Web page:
It would be great if parents could teach this, but as not all will it is an important part of life which should be known, not only about anatomy but about consent and birth control issues as well. Sexting is a relatively new concept for me, and I think that it along with other uses of technology and how far reaching it can be is important to convey, they need to understand that what they send to one person could end up on the internet for anyone to see and many probably don't think about that beforehand.
Absolutely!!! Parents can only do so much. Teachers have access to so many more books, resources and guest speakers. Plus, sex education is usually taught within the curriculum of science or families. Teaching within the school environment allows children to learn that it is a natural part of growing up and is something that should be discussed openly. If it was left solely to parents to discuss, in some cases, it wouldn't be discussed, and may be seen as bad. Even now, if parents have a good enough reason, their children can be excused from sex education classes and sent to the library. It would be sad for these children to be excluded when all their friends will be there. I would hate for my children to be part of this ignorant, clueless society such as was the type when my parents grew up. They knew nothing of what to expect on their wedding night and they were scared. Sex should not be something to be fearful of. It should be joyous, pleasurable ,knowledgeable and fun.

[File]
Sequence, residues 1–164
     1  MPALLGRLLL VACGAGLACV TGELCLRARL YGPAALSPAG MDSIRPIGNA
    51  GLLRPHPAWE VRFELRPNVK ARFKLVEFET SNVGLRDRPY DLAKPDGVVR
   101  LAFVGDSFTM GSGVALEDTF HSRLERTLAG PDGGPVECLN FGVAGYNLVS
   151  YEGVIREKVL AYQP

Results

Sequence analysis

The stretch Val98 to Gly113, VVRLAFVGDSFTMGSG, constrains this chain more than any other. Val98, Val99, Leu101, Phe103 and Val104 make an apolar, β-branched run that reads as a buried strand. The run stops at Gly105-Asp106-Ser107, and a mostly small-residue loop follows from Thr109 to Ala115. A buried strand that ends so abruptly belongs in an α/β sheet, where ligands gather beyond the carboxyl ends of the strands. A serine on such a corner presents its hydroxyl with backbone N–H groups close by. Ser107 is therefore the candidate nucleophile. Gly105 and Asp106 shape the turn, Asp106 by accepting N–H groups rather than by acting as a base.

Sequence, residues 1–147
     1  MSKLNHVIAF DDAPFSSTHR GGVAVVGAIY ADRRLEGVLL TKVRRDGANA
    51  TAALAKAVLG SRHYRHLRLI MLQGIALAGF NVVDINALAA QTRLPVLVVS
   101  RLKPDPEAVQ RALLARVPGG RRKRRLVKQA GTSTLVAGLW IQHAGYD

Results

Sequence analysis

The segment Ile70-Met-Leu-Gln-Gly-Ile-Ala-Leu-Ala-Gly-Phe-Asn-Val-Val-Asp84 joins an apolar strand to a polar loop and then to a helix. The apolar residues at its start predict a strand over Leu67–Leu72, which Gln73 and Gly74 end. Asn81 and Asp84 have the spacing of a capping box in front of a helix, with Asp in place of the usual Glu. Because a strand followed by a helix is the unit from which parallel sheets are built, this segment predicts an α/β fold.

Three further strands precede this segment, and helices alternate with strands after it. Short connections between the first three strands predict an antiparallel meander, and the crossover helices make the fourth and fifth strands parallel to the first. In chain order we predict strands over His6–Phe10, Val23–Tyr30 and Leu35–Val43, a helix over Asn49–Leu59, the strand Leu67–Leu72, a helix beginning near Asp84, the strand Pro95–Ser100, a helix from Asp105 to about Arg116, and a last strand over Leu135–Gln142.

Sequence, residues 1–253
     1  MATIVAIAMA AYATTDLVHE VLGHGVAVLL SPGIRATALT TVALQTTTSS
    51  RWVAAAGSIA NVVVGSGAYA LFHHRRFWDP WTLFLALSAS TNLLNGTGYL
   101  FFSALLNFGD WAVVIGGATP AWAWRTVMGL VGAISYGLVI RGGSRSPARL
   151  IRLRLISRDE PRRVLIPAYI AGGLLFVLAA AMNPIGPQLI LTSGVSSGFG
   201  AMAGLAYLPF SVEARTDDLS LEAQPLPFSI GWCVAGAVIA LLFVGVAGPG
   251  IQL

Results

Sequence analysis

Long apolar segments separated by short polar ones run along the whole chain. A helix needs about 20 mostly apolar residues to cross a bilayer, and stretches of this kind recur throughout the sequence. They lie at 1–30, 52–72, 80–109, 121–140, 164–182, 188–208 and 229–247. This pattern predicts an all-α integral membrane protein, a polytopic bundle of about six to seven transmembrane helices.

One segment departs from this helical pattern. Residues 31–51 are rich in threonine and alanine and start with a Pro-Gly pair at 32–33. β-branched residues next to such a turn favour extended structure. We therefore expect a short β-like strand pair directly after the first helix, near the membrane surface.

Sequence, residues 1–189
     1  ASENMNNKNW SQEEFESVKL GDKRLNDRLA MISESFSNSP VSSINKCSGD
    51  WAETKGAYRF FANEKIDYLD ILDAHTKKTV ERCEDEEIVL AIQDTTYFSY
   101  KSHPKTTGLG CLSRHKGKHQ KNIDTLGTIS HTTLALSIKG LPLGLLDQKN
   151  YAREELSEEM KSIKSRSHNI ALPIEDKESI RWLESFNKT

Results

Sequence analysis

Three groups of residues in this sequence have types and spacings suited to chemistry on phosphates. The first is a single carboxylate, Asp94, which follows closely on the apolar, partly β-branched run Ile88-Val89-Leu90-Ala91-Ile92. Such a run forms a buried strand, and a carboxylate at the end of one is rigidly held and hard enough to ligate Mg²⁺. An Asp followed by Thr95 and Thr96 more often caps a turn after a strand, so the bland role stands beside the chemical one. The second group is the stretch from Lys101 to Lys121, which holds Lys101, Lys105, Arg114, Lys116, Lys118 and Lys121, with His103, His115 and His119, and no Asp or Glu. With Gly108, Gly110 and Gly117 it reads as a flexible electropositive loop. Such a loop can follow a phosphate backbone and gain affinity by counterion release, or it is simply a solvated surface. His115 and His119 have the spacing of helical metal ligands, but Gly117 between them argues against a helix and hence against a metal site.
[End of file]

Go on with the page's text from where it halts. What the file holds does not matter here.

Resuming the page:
Yes, I think it is a very important component of education that is often neglected but is necessary for our future to make the right decisions and use the right equipment in case they decide to start early with relationships.
It needs to be discussed in more detail. I had no idea what sex 'was', thankfully I had an organic introduction you might say, but others aren't so lucky, , or confident enough to remove themselves from a situation because they have no idea what's going on.
Both parents and the education system have a responsibility to educate young adults, definitely.
The physical and mechanical aspects of sex & reproduction should absolutely be taught in all schools, along with awareness of the right to say "No" and be respected for that.
Otherwise, all remaining moral & philosophical views on the matter should be expressly excluded in all PUBLIC schools, given Australia now constitutionally endorses "religious freedom" and has other statutes applying to equal opportunity/discrimination and freedom of association.
PS I think that an explanation of birth control methods should also be included as part of that education in all schools, including reference to how some of those can reduce the probability of disease etc, but it should stop short of prescribing what contexts (from a social rather than physical perspective I mean) they should be used, because that starts to creep into the morals/values/philosophies area. The exception would be in a private school where you pay to have the choice as to what religions/values/philosophies are "preached".